If you hear Northeast Queens residents discussing “the White House” with a slightly defiant tone, chances are they’re not referring to the President’s residence. More likely, they’re talking about the 1901 structure at the top of Douglaston Hill which, ever since being sold to developers with rumored plans to demolish it, has become the rallying point for the area’s mounting anti-overbuilding movement.
On Monday, nearly 60 residents of the Hill gathered in front of the house at 240-35 43rd Avenue to denounce the city Landmarks Preservation Commission’s decision not to put Douglaston Hill’s application for city historic district status on the calendar last month—a move that effectively shut the door on any legal way to preserve the historic house.
But for Bill Sievers, who, as vice president of the Douglaston Hill-Little Neck Historical Society, has been working through the application process for 14 years, the commission’s decision signalled much more than the loss of one house.
“Structures like the one behind us will slowly disappear from Northeast Queens,” he said. “This severely threatens our quality of life.”
Thirty-five properties in Douglaston Hill have already been designated parts of an historic district by the state and federal historic registers in 2000, but only the city’s designation can prevent demolition.
Tearing down the old houses is a great temptation for developers in the R1 zone because the ample lots can legally be subdivided into as many as four properties, resulting in massive profits. But, residents say, the cost to the community is equally massive.
“You’re just ripping out another page of history,” said Debra Stuart, who lives several properties down on 43rd Avenue, in a historic house built by her husband’s great uncle. “It also destroys the community’s spirit.”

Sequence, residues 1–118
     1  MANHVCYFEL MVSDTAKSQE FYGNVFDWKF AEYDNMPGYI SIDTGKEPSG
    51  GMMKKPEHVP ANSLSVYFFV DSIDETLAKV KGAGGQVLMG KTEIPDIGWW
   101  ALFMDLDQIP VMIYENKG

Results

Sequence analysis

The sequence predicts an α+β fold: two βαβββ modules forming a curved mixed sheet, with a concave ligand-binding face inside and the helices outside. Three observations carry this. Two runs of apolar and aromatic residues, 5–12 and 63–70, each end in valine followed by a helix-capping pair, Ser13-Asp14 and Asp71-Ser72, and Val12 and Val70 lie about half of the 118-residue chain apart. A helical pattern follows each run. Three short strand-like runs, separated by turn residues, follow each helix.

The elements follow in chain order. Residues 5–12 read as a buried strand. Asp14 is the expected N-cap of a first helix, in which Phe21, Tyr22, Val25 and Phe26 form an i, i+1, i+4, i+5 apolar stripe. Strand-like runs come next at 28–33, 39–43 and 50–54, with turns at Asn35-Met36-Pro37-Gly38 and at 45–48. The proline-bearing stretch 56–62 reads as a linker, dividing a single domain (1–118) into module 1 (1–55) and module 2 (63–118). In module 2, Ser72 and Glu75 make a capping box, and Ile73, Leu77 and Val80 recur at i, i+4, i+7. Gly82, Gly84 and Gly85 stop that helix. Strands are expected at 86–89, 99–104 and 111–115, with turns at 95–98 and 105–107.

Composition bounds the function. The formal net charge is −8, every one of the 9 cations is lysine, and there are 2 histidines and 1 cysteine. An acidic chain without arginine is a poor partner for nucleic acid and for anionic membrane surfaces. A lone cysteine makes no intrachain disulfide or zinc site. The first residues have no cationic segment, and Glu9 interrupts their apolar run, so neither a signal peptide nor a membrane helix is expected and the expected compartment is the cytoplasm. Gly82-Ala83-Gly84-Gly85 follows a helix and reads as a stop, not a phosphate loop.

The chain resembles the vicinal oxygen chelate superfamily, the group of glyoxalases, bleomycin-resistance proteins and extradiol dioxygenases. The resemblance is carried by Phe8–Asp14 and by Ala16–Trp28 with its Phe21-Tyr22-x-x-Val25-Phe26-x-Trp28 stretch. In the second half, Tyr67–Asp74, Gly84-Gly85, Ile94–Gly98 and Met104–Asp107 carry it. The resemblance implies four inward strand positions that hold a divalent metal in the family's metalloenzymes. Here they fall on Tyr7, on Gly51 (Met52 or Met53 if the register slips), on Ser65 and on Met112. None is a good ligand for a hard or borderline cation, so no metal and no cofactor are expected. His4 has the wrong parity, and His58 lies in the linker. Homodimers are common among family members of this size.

The “White House,” built on an original 1853 lot that has been subdivided only once, holds special significance for the neighborhood. According to neighbor Joan Hellman, its largely intact “Free Classic” Queen Anne architecture has been featured over the years in postcards advertising the area. “This is a red-letter house,” she said.
When rumors began to circulate five weeks ago that the house, formerly owned by Sang Chun Kang, had been sold to developers with intentions to knock it down, the community swung into action to try to expedite the landmarking process. Councilman Tony Avella, who organized Monday’s rally, put in a call to Landmarks Commissioner Robert Tierney, and discovered that the commission had no plans to calendar the district’s application.
“This (house) is the cornerstone of what was to be the Douglaston Hill Historic District,” Avella said. He had long supported the idea of the historic district, and was shocked to hear that the commission wasn’t going to go forward with the process.
He cited “Manhattan elitism” as the reason, and called on the protesters to channel their anger into handwritten letters addressed to Mayor Michael Bloomberg, the Department of City Planning and Commissioner Tierney.
Paul Graziano, a city planner who recently completed a zoning study for Avella’s office, which included recommendations for 24 possible additional historic districts for the 19th Council District, agreed that there was “an imbalance.” Out of 80 historic districts in the city, only 5 are in Queens, and of those, 2 are only a block long and one is in Fort Totten, where no one lives.
Elliot Socci, president of the Douglaston Civic Association, urged the protesters not to underestimate the effectiveness of letter-writing campaigns. “Every official has a threshold of pain, and that pain is measured by the number of letters that come in on a single issue,” he said.
Avella noted that the letters written so far had apparently worked because the mayor mentioned overbuilding in his State of the City address.
Several neighbors commented that it was a shame that, although the centerpiece of their neighborhood might help in the general fight against overdevelopment in the area, it was unlikely to be saved without a major change of heart from the LPC.The commission did not return calls for comment.
“Architecturally, this is the most beautiful house in Douglaston Hill, bar none,” said Cynthia Strauss, a resident of 240-17 43rd Avenue. She understood all too well what current building laws allowed, saying, “It’s legal, but it’s immoral.”